Author Interview: John St. Clair

coffee with a spoon beside a candle; text says 'author interview'

Be sure to check out Stalin’s Door!

Interview:

1. Paperback, hardback, eBook, or audiobook?

I honestly love all formats. For long term collecting, I prefer hardbacks. I do find myself buying and reading a lot of indie paperbacks, especially in 2021. My Kindle is also jam packed with lots of reading material. I will listen to the occasional audiobook, however nothing beats printed words on a page in my humble opinion.

2. Pick a genre, any genre!

My debut novel is Russian historical fiction. That said, I have read more science fiction than any other genre over my lifetime. If I’m not reading that, I’m likely reading something in non-fiction, and you can bet it has something to do with financial crime / true crime.

3. What is the first book you remember reading?

I love this question! I can clearly remember picking up Andre Norton’s novel “Daybreak 2250 A.D.” (also known as “Star Man’s Son”) at a school book fair when I was in the second grade. I was reading several grade levels ahead by that time. This is an excellent book—written by a woman in the 1950s, who broke ground within a genre heavily dominated by men at the time.

4. When did you first start writing?

I’ve received this question across multiple author interviews, and I am delighted to give the answer. I very clearly recall a short story I wrote in the second grade entitled “Star Gate 9.” For an 8 year old at the time, it was a pretty ambitious space opera! What I wouldn’t give to find and read that story again! In one way or the other, I’ve been writing ever since.

5. What made you want to write? Does it still hold true?

I’m not entirely sure, except to say, I think I’ve always found it rewarding to tell stories. I do consider myself a creative person, and putting words on paper is not only fun, it’s also tremendously gratifying to hear from folks that have read my work. All of this certainly holds true today—and I am so very fortunate to do it full time.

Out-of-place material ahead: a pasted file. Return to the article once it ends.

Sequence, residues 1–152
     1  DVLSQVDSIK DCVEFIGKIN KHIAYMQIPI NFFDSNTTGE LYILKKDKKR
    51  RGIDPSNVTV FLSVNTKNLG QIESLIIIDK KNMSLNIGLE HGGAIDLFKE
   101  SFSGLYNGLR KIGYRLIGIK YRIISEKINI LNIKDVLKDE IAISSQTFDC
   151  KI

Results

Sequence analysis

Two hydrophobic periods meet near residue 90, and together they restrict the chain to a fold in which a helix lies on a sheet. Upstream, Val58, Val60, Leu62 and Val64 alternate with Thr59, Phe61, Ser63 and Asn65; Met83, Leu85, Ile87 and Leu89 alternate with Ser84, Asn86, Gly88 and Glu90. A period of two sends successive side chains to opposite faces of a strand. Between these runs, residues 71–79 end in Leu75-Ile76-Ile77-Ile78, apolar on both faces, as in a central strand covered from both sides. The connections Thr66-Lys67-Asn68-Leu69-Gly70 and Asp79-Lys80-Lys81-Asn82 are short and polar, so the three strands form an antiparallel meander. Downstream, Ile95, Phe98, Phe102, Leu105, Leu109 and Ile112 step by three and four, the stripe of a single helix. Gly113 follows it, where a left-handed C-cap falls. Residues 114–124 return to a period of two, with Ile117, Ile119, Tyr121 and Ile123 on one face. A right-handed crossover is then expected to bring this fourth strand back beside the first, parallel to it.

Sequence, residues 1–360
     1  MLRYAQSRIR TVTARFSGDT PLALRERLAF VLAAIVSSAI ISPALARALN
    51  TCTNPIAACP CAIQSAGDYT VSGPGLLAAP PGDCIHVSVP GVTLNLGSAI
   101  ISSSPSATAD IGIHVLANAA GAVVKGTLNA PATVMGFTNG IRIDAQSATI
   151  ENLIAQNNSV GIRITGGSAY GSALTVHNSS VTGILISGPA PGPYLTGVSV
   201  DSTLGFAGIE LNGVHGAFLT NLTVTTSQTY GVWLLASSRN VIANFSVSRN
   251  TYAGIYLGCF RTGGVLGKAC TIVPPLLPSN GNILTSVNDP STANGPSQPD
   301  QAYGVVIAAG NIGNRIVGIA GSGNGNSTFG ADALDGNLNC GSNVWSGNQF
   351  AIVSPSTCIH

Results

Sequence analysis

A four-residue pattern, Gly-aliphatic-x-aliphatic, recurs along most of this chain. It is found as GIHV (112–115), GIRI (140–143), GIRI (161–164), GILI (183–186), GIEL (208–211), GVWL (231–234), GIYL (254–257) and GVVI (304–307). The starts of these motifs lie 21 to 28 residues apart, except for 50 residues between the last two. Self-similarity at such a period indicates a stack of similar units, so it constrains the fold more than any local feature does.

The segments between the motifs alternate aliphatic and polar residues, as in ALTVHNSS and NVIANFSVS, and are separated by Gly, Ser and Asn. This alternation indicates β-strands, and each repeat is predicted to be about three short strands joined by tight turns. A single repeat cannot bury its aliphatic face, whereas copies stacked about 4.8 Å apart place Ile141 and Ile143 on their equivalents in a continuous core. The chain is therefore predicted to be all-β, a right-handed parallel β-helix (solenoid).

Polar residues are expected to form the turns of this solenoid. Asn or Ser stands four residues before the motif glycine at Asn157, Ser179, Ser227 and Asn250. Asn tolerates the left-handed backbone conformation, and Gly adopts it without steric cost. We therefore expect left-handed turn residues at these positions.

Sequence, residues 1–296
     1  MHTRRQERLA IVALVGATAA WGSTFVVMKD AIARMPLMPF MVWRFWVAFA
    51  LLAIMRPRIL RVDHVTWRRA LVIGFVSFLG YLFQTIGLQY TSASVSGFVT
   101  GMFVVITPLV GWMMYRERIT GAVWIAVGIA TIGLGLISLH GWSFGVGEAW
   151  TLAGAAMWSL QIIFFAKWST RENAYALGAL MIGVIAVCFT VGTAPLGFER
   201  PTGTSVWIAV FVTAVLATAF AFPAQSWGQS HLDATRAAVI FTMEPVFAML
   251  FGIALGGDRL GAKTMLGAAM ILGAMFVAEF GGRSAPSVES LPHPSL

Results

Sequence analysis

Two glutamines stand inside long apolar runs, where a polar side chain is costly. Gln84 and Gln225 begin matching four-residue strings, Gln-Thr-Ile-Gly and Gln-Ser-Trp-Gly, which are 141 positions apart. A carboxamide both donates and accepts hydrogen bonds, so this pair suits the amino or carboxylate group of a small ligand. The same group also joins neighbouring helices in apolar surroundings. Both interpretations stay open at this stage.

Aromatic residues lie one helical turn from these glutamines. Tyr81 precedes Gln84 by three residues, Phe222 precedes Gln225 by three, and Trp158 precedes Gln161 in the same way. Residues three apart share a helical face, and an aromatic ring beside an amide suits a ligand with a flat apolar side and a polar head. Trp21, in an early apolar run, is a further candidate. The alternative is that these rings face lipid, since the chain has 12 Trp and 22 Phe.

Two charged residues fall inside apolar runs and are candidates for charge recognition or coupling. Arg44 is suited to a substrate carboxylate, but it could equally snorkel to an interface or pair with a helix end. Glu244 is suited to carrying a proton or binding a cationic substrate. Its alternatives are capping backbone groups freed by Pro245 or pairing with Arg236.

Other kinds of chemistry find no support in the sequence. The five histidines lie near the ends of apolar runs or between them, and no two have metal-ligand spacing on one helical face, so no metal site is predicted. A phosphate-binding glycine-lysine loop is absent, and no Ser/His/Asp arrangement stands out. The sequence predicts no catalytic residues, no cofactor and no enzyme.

6. What book/poem are you most proud of creating?

Without a doubt, it has to be my debut novel “Stalin’s Door,” which took me 5 years to research, write, edit, and publish. I’ve never poured so much effort into anything else in my lifetime!

7. Did you publish your first book or is it for your eyes only?

I did! “Stalin’s Door” was published in March 2021 as a paperback and eBook. In October 2021, I also published a hardcover version.

8. How many books/collections have you published so far?

Just the one novel so far. That said, I have written lots of short stories that have been submitted, and won, in writing competitions!

9. What genres do you write in (or hope to)?

Well, my debut novel is Russian historical fiction, and the second novel I’m working on is contemporary literary fiction. That said, I wouldn’t discount any genre if the story was right for me! I’m equal opportunity. I’d hate to be “typecast” into any particular genre, if I can help it.

10. Do you do research for your writing or is it all in your head?

My debut is Russian historical fiction, so research was a critical component. I can’t overstate that enough! I felt it was crucial to take the time to research a country I’ve never lived in, in a time period I wasn’t alive, and for a language I don’t speak. I believe that the arduous research has paid off handsomely.

11. To plan, or not to plan your plot?

Ah, the eternal question: “planners” versus “pantsers*” I do a lot of both actually. It’s what works for me.

*writing by the seat of one’s pants.

12. What route of publishing have you chosen? Do you plan to stick with it?

I chose the self-publishing route via KDP on Amazon for my debut novel. I have the greatest amount of creative control that way. I am planning this route for my second novel as well. That said, I am not at all against the traditional publishing route! I would certainly entertain any offers that come my way—and I would also seriously consider going the route of querying. I’ve not ruled anything out.